Which state is most at risk for hail damage in a given season? Hint: It's not in Tornado Alley
While the frequent severe weather storms of Tornado Alley might be thought of as the hail king of the US, it turns out it's a state that sits outside the 'alley' where residents can expect to pay the most for hail damage.
Large hail can not only smash your car's windows to bits and leave dents to where it looks like you're driving something that looks like a golf ball on wheels, but it can also damage homes and businesses and even lead to injuries.
While the frequent severe weather storms of Tornado Alley might be thought of as the hail king of the U.S., it turns out it's a state that sits outside the "alley" where residents can expect to pay the most for hail damage.
MoneyGeek, using national risk data from FEMA and the National Oceanic and Atmospheric Administration, calculated annual expected losses per state and ranked the results on a per-capita basis.
The state that came out on top wasn't Oklahoma or Nebraska or Kansas – but Colorado.
The study found Colorado averages 234 large hail events a year, totaling $151.5 million in annual damage. That averages out to $30.13 in losses per resident on a per-capita basis each year. Denver makes up the bulk of the damage, with $2.3 billion in hail damage alone in 2017.
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Tornado Alley stalwart Nebraska was second on the list with more annual hail events at 319 but totaling $50.8 million a year, averaging out to $27.81 per capita.
Rounding out the top five are Oklahoma ($21.46 per person), South Dakota ($15.57) and North Dakota ($13.59).
Texas ranked first in overall hail events – due to its size and prime stormy location – but spread out amid its large population, the Lone Star state ranked sixth overall in per-capita data at $13.46. (Mississippi State University fans may be curious to know that "Hail State" only ranks as the No. 14 hail state in this survey.)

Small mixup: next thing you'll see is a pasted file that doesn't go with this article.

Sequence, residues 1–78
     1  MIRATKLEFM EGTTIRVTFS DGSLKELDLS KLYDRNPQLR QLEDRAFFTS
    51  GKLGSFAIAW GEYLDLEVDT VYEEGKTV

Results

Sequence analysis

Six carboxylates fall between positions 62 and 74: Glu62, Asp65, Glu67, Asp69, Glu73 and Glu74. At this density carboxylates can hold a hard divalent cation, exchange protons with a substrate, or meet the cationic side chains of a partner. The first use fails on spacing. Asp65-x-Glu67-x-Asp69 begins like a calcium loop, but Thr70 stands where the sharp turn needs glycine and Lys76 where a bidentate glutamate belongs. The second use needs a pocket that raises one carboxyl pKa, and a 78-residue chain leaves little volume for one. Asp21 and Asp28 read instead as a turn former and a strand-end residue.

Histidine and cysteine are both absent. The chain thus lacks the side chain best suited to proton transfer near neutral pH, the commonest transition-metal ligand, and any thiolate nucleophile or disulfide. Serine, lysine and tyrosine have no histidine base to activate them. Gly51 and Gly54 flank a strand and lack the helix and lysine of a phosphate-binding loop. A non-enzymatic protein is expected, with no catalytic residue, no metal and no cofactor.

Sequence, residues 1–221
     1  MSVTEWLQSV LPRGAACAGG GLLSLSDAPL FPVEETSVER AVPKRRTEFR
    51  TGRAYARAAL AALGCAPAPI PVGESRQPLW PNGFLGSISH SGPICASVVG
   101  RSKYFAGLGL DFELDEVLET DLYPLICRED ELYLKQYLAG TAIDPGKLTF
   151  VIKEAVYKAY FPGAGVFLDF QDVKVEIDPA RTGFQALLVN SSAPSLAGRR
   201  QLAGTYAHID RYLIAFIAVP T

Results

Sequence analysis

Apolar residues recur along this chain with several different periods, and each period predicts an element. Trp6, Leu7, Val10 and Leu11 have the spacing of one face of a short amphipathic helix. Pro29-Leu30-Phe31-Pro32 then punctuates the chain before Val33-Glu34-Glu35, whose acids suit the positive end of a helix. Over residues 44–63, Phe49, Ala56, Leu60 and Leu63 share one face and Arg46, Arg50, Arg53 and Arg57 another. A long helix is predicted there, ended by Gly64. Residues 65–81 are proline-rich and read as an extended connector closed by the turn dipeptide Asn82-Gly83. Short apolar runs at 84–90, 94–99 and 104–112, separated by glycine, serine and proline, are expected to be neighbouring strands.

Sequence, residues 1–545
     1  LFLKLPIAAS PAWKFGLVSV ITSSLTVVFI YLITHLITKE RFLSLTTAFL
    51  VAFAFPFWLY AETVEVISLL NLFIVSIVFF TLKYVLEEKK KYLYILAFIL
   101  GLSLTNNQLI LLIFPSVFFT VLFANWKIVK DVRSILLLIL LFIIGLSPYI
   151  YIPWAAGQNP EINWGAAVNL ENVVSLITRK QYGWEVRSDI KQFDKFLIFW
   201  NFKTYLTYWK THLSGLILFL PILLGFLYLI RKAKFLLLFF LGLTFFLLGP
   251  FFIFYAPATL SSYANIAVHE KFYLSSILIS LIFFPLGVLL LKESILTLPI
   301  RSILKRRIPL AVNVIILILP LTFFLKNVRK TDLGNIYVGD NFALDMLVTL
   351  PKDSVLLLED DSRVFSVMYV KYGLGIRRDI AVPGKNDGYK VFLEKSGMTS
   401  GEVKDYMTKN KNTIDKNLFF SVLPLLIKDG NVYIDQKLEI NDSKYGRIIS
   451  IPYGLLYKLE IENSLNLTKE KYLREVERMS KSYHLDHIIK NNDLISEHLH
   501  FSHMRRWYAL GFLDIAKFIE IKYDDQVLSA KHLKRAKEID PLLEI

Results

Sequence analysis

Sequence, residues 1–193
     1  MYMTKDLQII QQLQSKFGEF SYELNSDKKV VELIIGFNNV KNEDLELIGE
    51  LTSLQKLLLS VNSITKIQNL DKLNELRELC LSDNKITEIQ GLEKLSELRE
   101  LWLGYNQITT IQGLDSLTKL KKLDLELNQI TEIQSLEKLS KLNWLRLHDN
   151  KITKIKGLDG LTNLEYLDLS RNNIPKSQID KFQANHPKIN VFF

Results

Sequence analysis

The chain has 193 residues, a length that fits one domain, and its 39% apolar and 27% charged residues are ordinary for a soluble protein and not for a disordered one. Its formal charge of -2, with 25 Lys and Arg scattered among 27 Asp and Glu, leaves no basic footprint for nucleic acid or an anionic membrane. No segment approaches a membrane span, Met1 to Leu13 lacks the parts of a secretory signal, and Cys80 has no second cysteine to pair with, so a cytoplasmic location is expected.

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On the flip side, five states – Connecticut, Rhode Island, California, Maryland and Washington – cost their residents less than a nickel a year in annual hail damage per capita.
2022 a below-average year for large hail, so far…
So far, 2022 has not seen as much hail as a typical year.
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The U.S. had 4,140 reports of large hail events (hailstones greater than 1 inch in diameter) from Jan. 1 through Sept. 15, and while that sounds like a lot, it's more than 1,000 reports behind a typical year.
As usual, Texas leads the way as far as aggregate large hail reports at 423 so far this year, but its lead is not substantial. Nebraska is just behind at 392 hail reports, and Minnesota checks in at 379 reports.
Ironically, for 2022, Colorado is relatively far down the list at No. 10, with 117 reports in 2022 so far.
The study's authors suggest those living in hail-prone areas should invest in more solid roofing and windows to impact-resistant versions. And make sure your homeowners and car's comprehensive insurance policies are robust and up to date to protect against hail damage.